As elsewhere in Europe, the monasteries of Wales were often important centres of learning and scholarship. It was possibly in a Welsh monastery that an ornate illustrated manuscript known as the Lichfield Gospels was created during the 8th century – certainly, the manuscript contains one of the oldest recorded written examples of the Old Welsh language. However, in large part due to their geographical distance from Rome, the Welsh Churches diverged from standard Roman Catholic religious practice in several areas, most significantly the date on which Easter was celebrated. This became a major area of contention in British Christianity, with the Welsh ecclesiastical establishment eventually accepting the calculation set by the Church of Rome in 768.

Various Roman Catholic monastic orders existed in the Middle Ages, but the one that ultimately became dominant in Wales was the Cistercian Order. Founded in France at the close of the 11th century, the Cistercians broke from the established Benedictine Order by placing a renewed emphasis on austerity. They soon reached England and from there spread to Wales. Here, new Cistercian monasteries were established in the first half of the 12th century by Anglo-Norman lords at places like Tintern (Monmouthshire) and Margam (Neath Port Talbot), and also by indigenous Welsh princes at such locations as Whitland (Carmarthenshire), Strata Florida (Ceredigion), and Aberconwy (Conwy). Despite the Cistercian emphasis on frugality, several of these monasteries began to receive tithes from the surrounding population and grew increasingly wealthy.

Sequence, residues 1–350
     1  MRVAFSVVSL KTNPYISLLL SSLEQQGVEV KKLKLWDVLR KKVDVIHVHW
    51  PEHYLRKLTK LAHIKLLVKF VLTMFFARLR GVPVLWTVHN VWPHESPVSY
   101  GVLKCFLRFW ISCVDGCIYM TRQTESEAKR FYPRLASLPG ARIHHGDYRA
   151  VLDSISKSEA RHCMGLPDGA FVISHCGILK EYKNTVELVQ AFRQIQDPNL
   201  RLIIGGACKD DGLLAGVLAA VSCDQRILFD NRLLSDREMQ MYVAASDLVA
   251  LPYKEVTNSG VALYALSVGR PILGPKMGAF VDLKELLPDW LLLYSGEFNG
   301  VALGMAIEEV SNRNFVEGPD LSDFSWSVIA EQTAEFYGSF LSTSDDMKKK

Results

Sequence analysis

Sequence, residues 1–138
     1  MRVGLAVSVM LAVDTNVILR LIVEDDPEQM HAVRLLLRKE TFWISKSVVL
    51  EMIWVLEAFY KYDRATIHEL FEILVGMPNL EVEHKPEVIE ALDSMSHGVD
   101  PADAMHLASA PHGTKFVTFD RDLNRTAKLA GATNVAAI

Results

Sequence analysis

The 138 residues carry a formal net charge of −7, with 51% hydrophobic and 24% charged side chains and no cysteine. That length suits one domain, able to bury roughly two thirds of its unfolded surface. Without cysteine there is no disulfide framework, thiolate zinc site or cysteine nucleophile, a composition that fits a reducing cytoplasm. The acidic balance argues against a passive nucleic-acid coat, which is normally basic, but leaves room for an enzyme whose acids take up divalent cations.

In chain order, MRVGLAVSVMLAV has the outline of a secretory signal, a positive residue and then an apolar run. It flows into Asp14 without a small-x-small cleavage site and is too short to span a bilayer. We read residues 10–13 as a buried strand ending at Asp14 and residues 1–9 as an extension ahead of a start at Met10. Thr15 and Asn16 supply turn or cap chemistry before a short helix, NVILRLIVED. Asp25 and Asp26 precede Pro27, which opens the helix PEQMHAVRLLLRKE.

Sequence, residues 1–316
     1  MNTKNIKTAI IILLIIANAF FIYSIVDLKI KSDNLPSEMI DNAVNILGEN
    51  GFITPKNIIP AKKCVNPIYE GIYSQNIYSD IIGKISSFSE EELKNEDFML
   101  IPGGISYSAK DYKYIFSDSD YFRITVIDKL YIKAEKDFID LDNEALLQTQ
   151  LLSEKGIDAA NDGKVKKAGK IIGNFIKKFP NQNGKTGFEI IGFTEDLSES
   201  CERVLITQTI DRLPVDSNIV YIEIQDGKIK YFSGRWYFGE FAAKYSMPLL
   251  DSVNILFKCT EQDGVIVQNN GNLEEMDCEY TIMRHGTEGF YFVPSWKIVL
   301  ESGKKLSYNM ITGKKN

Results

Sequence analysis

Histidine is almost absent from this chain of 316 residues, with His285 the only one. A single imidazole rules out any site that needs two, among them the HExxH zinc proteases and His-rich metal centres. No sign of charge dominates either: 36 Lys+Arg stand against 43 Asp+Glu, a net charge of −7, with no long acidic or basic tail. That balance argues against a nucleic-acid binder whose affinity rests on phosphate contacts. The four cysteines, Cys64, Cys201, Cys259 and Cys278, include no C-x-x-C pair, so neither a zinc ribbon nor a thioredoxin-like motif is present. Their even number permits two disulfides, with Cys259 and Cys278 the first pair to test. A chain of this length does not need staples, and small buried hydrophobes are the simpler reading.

While absorbing influences from England, which had been a unified kingdom since the 10th century, the Welsh polities remained largely politically independent for several centuries. Throughout the High and into the Late Middle Ages, successive English rulers sought to conquer the Welsh kingdoms, a process finally achieved in the 13th century by King Edward I. The gradual political subjugation of Wales was accompanied by the growing influence of the Canterbury-based Church of England over Wales’ ecclesiastical institutions, including its monasteries.

Significant change came under the reign of King Henry VIII, who – as a member of the House of Tudor – was of Welsh descent. In his Laws of Wales Acts, Henry brought the Welsh legal system into line with its English counterpart, effectively establishing England and Wales as a single state. More dramatic for Wales’ monasteries were Henry’s religious reforms. After the Pope refused to annul his marriage to Catherine of Aragon, Henry declared himself head of the Church of England in 1534. He proceeded to dissolve the monasteries and confiscate their assets, a process completed by 1540. Although not necessarily Henry’s intention, this pushed both Wales and England out of the Roman Catholic camp and towards that of the Protestant Reformation then spreading across Europe.